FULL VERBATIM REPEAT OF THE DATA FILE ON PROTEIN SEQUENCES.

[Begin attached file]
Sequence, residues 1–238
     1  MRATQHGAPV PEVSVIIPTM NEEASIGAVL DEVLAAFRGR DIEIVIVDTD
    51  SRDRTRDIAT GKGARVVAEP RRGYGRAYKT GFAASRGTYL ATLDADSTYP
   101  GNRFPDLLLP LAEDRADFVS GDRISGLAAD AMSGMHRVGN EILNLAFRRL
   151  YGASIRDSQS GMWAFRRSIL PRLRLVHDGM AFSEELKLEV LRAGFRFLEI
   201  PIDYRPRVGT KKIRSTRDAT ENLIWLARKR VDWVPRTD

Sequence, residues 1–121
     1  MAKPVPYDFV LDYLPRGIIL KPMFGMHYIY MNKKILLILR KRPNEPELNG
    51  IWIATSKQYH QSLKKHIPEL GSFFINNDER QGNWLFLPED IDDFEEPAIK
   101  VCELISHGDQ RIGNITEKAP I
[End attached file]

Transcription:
Sequence, residues 1–238
     1  MRATQHGAPV PEVSVIIPTM NEEASIGAVL DEVLAAFRGR DIEIVIVDTD
    51  SRDRTRDIAT GKGARVVAEP RRGYGRAYKT GFAASRGTYL ATLDADSTYP
   101  GNRFPDLLLP LAEDRADFVS GDRISGLAAD AMSGMHRVGN EILNLAFRRL
   151  YGASIRDSQS GMWAFRRSIL PRLRLVHDGM AFSEELKLEV LRAGFRFLEI
   201  PIDYRPRVGT KKIRSTRDAT ENLIWLARKR VDWVPRTD

Sequence, residues 1–121
     1  MAKPVPYDFV LDYLPRGIIL KPMFGMHYIY MNKKILLILR KRPNEPELNG
    51  IWIATSKQYH QSLKKHIPEL GSFFINNDER QGNWLFLPED IDDFEEPAIK
   101  VCELISHGDQ RIGNITEKAP I